Other, more advanced technology already offers much faster turnaround than the Nanologix plates. Polymerase chain reaction machines can identify infection in as little as 30 minutes, fast enough for use between onset of labor and delivery. But such machines can be pricey, as can the individual tests, and the technology isn’t always available in community hospitals. In contrast, the Nanologix test kits cost between $5 and $10, just slightly more than the customary test, and can be done in any hospital lab. Barnhizer says the company also has developed kits that can detect E. coli, salmonella, listeria, and more; Nanologix plans to submit the first test (for GBS and other gram-positive bacteria) to the U.S. Food and Drug Administration later this year, with hopes for approval by the first quarter of 2012.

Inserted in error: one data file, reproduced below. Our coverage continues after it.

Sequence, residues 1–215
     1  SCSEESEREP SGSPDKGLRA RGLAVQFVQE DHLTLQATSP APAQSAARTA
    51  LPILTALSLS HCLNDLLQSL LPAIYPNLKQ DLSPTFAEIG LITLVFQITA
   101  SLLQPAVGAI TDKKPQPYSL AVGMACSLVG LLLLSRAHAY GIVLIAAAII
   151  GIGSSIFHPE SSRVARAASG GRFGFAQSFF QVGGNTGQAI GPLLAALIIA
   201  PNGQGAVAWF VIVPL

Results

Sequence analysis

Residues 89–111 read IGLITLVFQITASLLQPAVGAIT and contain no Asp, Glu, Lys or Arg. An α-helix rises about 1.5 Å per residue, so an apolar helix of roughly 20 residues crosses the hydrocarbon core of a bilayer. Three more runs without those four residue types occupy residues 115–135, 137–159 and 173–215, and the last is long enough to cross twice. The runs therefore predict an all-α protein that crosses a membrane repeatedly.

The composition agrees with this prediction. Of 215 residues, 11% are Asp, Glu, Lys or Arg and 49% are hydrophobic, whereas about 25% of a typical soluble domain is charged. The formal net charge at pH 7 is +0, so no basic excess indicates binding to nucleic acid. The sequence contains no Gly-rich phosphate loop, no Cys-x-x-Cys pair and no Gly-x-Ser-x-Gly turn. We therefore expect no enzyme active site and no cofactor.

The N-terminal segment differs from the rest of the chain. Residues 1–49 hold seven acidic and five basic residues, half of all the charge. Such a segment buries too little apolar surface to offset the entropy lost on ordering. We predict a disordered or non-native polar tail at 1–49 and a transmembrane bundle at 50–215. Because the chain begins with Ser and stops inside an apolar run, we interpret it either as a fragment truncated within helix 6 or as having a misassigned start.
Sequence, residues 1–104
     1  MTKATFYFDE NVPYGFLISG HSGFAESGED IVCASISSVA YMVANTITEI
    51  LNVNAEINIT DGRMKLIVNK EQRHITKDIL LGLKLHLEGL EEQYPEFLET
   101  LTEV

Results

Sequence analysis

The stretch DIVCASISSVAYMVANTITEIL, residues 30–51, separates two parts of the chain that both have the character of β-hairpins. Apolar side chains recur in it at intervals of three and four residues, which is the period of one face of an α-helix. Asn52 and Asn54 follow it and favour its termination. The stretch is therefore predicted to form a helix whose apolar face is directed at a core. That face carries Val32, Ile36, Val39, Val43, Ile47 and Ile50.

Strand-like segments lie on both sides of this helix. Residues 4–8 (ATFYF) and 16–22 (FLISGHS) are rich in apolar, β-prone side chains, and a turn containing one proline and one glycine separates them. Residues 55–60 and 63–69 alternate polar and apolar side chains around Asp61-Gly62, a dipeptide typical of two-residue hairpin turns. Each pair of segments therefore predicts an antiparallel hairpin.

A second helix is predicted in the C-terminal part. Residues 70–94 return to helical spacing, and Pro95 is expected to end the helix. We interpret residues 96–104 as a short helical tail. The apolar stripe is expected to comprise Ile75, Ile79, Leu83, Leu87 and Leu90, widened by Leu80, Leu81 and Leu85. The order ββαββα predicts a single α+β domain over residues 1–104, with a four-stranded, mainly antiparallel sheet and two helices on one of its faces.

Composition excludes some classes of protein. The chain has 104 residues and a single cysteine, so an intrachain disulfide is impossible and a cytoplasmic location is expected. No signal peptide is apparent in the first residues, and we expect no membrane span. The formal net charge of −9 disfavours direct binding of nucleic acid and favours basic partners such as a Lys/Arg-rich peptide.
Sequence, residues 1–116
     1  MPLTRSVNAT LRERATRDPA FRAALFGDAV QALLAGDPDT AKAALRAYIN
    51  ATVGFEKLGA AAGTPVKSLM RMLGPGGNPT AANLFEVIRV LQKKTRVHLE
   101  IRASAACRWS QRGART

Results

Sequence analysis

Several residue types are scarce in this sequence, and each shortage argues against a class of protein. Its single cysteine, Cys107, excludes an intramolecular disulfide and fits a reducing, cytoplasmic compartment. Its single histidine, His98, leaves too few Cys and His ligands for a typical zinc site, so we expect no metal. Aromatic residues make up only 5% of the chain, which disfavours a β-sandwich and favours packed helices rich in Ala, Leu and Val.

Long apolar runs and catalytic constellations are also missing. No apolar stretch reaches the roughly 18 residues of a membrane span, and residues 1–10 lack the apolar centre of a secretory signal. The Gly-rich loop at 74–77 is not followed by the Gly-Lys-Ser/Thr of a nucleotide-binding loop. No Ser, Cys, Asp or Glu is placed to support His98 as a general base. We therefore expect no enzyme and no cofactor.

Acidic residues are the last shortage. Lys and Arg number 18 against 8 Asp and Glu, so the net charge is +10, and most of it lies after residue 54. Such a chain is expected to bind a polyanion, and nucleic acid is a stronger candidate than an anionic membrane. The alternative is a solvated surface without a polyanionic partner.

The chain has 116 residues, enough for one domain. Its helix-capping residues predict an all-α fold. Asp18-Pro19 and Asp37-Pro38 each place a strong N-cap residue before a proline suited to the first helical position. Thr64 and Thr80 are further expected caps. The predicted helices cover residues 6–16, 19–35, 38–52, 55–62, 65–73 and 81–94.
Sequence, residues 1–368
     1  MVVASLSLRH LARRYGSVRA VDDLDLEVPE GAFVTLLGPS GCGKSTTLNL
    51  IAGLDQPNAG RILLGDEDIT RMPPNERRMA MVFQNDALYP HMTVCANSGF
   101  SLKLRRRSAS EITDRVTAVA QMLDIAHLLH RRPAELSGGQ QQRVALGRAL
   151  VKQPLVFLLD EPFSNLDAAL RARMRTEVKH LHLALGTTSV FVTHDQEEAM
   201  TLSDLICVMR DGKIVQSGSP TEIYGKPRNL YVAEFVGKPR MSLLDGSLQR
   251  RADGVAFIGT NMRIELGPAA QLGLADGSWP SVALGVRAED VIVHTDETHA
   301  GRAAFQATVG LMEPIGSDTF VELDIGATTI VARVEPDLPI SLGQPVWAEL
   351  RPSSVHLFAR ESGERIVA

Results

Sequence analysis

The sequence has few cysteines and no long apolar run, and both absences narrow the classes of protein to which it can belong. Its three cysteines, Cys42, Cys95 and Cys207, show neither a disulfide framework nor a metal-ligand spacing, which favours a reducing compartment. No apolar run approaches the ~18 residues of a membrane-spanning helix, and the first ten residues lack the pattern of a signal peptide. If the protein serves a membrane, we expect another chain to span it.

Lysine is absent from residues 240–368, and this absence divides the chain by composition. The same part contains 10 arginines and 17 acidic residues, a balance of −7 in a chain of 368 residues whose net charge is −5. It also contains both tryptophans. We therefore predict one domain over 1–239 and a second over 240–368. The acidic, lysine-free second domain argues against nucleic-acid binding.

Nanologix is also working with the U.S. Environmental Protection Agency to develop kits that can be used during outbreaks for faster, more reliable detection of waterborne microorganisms such as E. coli and cryptosporidium. “It’s a really good technique, because it shortens a process of 12 to 18 hours to five or six, so we can get an answer about whether our target bacterium is there or not within a day,” says Gerard Stelma Jr., a senior microbiologist with the EPA in Cincinnati. Not only are currently available tests slow, he says, but their effectiveness also varies from day to day. “When I saw what they were doing, I thought this is the most novel new method I have seen in a number of years.”